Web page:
Applicants look for green campuses

According to a press release issued by the Princeton Review, of the 12,715 high school students surveyed, 68 percent said having information about potential colleges' commitment to the environment would impact their decision to attend the school.,”

  • A survey by the Princeton Review reflected 68 percent of students said knowing about colleges' commitments to the environment would affect their decisions to attend.
  • The Princeton Review now rates schools with "Green Ratings" which measure how committed they are to environmentally aware practices.
  • Eleven schools received a perfect score of 99 and made the Green Review Honor Roll

College applicants are growing more concerned with how green campuses are, according to the Princeton Review's 2009 College Hopes and Worries Survey.

According to a press release issued by the Princeton Review, of the 12,715 high school students surveyed, 68 percent said information about colleges' commitments to the environment would impact their decisions to attend the school. Last year, only 64 percent of students said this was true.

The first time that the Princeton Review surveyed students'

interests in school commitments to environmental issues was in 2007, according to the press release.

David Soto, director of content development at the Princeton Review, said the Green Ratings were created upon hearing student interest in a school's environmental standing.

"Seeing that there was an increase in awareness helped us make our decision," Soto said.

He said the Princeton Review contacted ecoAmerica to help develop the Green Ratings. EcoAmerica is a nonprofit group that works to inform people about environmental concerns.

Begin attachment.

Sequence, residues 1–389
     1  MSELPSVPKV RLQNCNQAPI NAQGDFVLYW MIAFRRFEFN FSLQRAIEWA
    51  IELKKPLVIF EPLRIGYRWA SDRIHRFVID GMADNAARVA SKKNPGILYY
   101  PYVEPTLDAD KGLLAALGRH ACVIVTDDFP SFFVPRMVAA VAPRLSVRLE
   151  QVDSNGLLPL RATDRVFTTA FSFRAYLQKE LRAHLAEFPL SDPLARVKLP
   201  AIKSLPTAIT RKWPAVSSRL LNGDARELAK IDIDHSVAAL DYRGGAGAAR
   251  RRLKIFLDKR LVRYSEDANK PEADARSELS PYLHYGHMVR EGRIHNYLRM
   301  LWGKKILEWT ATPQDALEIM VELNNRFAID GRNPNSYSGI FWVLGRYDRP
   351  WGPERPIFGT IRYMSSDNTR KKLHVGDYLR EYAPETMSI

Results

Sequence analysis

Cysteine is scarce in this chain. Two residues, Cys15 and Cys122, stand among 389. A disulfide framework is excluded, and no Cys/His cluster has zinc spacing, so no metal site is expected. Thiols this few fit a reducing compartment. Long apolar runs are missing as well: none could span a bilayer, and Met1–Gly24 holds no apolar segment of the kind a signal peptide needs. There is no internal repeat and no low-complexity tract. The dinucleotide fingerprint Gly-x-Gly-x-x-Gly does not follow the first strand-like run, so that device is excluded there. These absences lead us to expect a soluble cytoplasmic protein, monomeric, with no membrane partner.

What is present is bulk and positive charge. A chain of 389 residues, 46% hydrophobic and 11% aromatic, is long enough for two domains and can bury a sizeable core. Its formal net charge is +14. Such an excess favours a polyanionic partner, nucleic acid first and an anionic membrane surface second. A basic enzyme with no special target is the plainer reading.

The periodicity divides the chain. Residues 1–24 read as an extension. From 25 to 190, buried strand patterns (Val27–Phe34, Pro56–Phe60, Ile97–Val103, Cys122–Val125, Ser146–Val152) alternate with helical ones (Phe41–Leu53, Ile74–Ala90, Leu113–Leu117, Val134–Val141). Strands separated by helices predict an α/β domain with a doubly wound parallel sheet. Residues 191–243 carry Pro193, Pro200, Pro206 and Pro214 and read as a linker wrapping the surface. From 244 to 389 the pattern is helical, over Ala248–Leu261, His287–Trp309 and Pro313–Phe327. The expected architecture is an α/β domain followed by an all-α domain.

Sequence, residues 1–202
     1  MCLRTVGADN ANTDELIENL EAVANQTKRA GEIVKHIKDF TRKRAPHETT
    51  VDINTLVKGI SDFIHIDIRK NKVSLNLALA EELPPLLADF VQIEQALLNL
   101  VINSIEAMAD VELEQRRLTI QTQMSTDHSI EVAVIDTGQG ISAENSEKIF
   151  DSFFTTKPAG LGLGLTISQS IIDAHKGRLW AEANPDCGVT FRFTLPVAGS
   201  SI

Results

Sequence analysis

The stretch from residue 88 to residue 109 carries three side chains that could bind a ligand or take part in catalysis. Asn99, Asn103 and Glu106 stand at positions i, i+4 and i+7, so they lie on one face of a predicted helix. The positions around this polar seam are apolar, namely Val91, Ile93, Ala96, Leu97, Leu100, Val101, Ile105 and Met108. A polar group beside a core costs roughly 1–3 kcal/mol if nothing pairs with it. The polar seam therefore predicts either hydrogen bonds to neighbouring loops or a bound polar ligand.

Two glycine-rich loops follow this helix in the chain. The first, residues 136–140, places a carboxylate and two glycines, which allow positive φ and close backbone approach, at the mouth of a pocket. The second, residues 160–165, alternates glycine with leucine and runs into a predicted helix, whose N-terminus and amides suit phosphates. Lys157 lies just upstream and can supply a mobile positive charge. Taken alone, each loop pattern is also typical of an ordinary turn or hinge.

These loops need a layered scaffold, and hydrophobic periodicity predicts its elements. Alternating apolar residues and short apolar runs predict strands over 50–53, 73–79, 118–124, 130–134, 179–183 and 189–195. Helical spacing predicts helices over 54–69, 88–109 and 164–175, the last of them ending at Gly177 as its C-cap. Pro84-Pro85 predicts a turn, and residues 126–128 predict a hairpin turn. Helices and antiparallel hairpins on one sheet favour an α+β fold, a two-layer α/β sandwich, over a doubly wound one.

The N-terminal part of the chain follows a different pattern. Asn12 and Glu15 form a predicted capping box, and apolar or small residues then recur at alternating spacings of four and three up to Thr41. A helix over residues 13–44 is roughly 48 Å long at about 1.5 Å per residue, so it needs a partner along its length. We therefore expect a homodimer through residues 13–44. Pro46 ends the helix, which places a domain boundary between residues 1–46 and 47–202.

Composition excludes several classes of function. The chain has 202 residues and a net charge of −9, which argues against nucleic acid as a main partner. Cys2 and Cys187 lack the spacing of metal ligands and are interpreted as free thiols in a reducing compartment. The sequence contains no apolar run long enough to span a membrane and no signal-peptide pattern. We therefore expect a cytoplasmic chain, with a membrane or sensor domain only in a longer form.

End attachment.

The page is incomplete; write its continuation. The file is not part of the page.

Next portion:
"They legitimized us as a green expert," Soto said. He said the Princeton Review consults with ecoAmerica from year-to-year to make sure their questions are still applicable and useful.

Soto said the Princeton Review uses three criteria to rank schools from 60 to 99: quality of life for students, how much the school prepares students for a greening economy and what sort of policies the university has regarding the environment.

Soto said the large percentage of students interested in colleges' efforts to be environmentally friendly surprises him, because it managed to hold out against other issues like the economy.

"It's interesting to see that the environment didn't take a back seat," Soto said.

Eleven schools were placed on the Green Rating Honor Roll this year for receiving perfect scores from the Princeton Review.

Marquette received a score of 96. Nearby Loyola University Chicago also received a high score of 95.

"Loyola has a really big 'going green' initiative," said Alli Dietz, a freshman at Loyola.

While it was not the only reason she picked Loyola, Dietz said Loyola's commitment to the environment was at least part of the reason she decided to attend.

Dietz said she was first introduced to Loyola's environmental commitment when she was on a tour of the campus and went through the Information Commons, a building designed to be environmentally friendly.

"It uses some solar energy, and it also only heats the air up to six feet," Dietz said. "That way, they aren't heating air that doesn't need to be heated."

Dietz said some green events at Loyola include setting up donation boxes for gently-used clothes on move-out day, and a trip out into the community to pick up trash for Earth Day. She said events usually go over well, such as Earth Hour, which she described as "huge around here."

While Marquette earned a slightly higher score than Loyola, College of Arts & Sciences sophomore Ali Clark said she feels like Marquette is not as environmentally aware as it could be.

"There are some people who don't even consider the environment here," Clark said. Clark said she is a member of Students for an Environmentally Active Campus and is obtaining a minor in environmental ethics.

She said students and administration on campus are environmentally minded overall.

"I think we are moving in the right direction," Clark said.

While Clark herself did not choose Marquette specifically because of its environmental program, she said she was glad that the campus does have that commitment to the environment, and that students are active as well.

"It's encouraging to know you have the power as a student to make changes," Clark said.